Getting to Know ‘You’: An Introduction to Beacon’s New English Teacher

By Mollie Butler

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{Ms. You doing the Tour du Mont Blanc a year ago.}

This year, Beacon welcomed Ms. You, a 11th and 12th grade English teacher from the Baccalaureate School for Global Education in Queens, into its community. She joined the Beacon faculty at a crucial time in her teaching career, having realized that she wanted to experience a new learning environment with fresh challenges.

After spending thirteen years in her previous job, she is now overcoming a brief period of “postmortem” reflection on her time at BSGE to better understand the institution she had joined and her role within it. Adjusting to Beacon, a setting Ms. You described as the polar opposite of her old school, has been the most difficult part of her first two months here (especially the commute, which she was most surprised about). Regarding her experience coming into Beacon, she told The Beacon Beat, “How much of what one experiences is oneself and how much of it is the situation, is a difficult concept to understand.” With the support of her new colleagues, whom she calls “amazing,” Ms. You feels she is beginning to find her place here at Beacon. Ms. You is grateful for the opportunity for self-realization and growth this new position will provide.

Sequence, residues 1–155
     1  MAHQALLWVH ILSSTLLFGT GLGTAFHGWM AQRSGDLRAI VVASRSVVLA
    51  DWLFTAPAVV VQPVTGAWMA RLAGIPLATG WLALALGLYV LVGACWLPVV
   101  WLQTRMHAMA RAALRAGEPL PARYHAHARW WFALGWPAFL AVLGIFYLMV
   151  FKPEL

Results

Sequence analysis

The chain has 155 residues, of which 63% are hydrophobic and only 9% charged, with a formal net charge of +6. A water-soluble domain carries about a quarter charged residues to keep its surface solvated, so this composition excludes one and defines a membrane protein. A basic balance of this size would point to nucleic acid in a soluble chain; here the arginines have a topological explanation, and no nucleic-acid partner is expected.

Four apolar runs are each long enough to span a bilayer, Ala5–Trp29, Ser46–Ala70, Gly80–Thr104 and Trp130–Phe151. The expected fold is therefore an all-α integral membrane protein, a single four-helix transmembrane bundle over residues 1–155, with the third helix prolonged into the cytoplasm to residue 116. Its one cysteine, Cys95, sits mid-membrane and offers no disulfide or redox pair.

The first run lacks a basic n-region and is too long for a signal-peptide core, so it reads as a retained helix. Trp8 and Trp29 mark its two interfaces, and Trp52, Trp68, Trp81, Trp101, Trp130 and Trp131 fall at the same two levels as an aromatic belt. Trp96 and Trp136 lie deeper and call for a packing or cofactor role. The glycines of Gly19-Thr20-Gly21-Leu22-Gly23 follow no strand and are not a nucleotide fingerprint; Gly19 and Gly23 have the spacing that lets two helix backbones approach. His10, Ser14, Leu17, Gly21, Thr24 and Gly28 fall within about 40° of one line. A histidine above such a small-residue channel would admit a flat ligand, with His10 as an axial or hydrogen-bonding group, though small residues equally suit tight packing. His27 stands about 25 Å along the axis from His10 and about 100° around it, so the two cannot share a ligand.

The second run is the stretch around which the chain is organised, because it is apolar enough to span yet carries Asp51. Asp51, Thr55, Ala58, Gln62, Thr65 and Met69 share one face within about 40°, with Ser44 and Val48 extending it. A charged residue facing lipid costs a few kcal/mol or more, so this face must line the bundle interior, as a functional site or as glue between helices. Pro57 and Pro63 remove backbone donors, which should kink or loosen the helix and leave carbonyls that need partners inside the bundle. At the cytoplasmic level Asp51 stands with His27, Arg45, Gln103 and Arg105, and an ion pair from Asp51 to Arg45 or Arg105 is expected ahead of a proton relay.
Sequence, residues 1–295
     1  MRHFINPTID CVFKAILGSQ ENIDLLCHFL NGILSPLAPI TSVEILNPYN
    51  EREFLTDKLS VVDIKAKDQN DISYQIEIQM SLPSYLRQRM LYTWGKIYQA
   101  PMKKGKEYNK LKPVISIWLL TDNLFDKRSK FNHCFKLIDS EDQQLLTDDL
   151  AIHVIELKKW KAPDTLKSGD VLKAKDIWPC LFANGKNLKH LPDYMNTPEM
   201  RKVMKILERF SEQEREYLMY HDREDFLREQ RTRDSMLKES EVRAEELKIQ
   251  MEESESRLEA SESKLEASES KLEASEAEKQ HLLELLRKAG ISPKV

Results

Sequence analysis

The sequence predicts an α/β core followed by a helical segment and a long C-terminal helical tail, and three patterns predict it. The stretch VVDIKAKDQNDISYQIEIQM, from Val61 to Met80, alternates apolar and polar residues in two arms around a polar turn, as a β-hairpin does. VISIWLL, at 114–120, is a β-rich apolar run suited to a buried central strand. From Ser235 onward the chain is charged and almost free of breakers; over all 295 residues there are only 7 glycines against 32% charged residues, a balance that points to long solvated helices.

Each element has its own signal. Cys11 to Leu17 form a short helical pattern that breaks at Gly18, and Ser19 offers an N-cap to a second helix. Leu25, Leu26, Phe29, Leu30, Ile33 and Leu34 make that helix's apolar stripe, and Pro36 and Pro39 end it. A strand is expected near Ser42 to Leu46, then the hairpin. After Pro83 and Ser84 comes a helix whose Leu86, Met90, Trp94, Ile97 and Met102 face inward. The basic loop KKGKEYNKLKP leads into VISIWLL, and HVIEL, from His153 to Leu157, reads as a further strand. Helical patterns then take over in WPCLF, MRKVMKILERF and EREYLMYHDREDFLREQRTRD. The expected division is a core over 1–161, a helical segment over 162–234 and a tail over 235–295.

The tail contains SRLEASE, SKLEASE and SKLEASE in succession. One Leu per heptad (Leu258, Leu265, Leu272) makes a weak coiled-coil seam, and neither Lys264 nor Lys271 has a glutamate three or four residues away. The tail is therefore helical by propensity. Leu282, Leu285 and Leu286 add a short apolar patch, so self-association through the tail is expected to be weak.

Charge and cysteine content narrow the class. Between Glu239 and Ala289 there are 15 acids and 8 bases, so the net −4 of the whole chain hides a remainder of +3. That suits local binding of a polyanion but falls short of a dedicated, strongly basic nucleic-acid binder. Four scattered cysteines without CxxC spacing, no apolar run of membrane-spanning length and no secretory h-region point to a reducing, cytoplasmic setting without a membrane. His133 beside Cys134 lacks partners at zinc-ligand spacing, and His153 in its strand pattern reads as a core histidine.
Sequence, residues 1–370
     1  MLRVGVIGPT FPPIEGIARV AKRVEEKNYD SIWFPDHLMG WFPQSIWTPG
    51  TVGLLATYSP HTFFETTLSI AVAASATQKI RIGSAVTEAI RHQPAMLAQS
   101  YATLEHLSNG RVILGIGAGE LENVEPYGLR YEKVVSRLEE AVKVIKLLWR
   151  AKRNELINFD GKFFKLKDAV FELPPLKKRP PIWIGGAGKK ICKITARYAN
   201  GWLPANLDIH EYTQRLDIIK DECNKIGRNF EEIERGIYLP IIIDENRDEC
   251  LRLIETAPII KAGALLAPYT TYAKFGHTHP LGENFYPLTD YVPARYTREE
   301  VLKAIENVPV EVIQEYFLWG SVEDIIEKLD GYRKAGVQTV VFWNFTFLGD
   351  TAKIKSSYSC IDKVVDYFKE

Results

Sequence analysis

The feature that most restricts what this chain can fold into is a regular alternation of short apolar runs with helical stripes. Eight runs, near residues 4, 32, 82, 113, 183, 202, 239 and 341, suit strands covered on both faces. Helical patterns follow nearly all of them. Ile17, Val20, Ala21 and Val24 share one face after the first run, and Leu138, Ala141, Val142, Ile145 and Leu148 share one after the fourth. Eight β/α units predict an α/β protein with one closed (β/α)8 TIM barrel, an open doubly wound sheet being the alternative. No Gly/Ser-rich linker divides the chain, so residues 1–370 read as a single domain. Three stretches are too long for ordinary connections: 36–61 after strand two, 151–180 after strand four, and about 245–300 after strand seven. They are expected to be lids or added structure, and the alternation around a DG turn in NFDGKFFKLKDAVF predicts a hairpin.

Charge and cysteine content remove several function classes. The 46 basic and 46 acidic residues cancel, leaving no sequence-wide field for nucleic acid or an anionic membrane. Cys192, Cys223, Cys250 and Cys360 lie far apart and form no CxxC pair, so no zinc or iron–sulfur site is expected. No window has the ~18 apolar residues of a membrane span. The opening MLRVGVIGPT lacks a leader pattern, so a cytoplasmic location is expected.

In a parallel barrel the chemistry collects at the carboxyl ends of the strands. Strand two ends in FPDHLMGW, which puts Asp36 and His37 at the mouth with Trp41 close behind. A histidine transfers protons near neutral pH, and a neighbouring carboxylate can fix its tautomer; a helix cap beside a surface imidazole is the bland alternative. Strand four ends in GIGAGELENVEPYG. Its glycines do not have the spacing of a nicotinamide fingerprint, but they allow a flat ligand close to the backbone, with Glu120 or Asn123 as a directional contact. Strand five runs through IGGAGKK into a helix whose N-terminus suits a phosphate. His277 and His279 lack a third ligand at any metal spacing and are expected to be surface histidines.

Before Ms. You started teaching, the path she had envisioned for her life was far from her career as an English teacher. When this did not pan out, she took a more a passive approach to finding her career path and ultimately, found the work she now loves, along with a new passion for literature: “Any text helps us realize how complicated we are as human beings. Sometimes it is hard to be proud of being human, but literature can make you proud, literature is always there to return to.”

Although Ms. You’s admiration for literature and passion for teaching is deep, she tells The Beacon Beat that it may not always shine through when she stands in front of a classroom of thirty students. She says the best way to get to know her as a teacher and a person is through meeting one-on-one, when she is comfortable expressing herself and students can get a chance to “figure her out,” — then, she might even show you pictures of her two dogs!

Nevertheless, Ms. You’s love for the written word is clearly applied in her philosophies as a teacher and in the goals she expressed to The Beacon Beat. In her classes, Ms. You hopes to create a strong foundation in English for her students as they progress in their education, and to help students gain their own appreciation for the written word: “One of my favorite poems is The Emperor of Ice Cream by Wallace Stevens. Whenever I read that, I am always in awe that an insurance executive from Connecticut can write such an exquisite poem. It important to always have this to return to.”

Ms. You channels a depth of literary knowledge and an eagerness to engage students into her teaching. These qualities make the Beacon English department a unique and impactful part of the school’s curriculum.

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